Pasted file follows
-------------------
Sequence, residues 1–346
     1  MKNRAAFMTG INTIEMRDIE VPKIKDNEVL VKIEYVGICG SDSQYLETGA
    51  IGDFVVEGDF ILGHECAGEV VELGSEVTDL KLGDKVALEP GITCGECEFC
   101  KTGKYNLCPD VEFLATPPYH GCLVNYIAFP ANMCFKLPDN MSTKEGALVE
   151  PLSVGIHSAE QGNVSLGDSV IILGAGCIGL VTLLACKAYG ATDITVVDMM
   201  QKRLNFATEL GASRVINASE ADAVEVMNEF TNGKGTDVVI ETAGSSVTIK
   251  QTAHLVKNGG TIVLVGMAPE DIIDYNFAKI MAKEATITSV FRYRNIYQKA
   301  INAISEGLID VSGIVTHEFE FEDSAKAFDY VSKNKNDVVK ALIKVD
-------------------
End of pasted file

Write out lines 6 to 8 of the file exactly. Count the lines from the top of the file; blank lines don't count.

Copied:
   201  QKRLNFATEL GASRVINASE ADAVEVMNEF TNGKGTDVVI ETAGSSVTIK
   251  QTAHLVKNGG TIVLVGMAPE DIIDYNFAKI MAKEATITSV FRYRNIYQKA
   301  INAISEGLID VSGIVTHEFE FEDSAKAFDY VSKNKNDVVK ALIKVD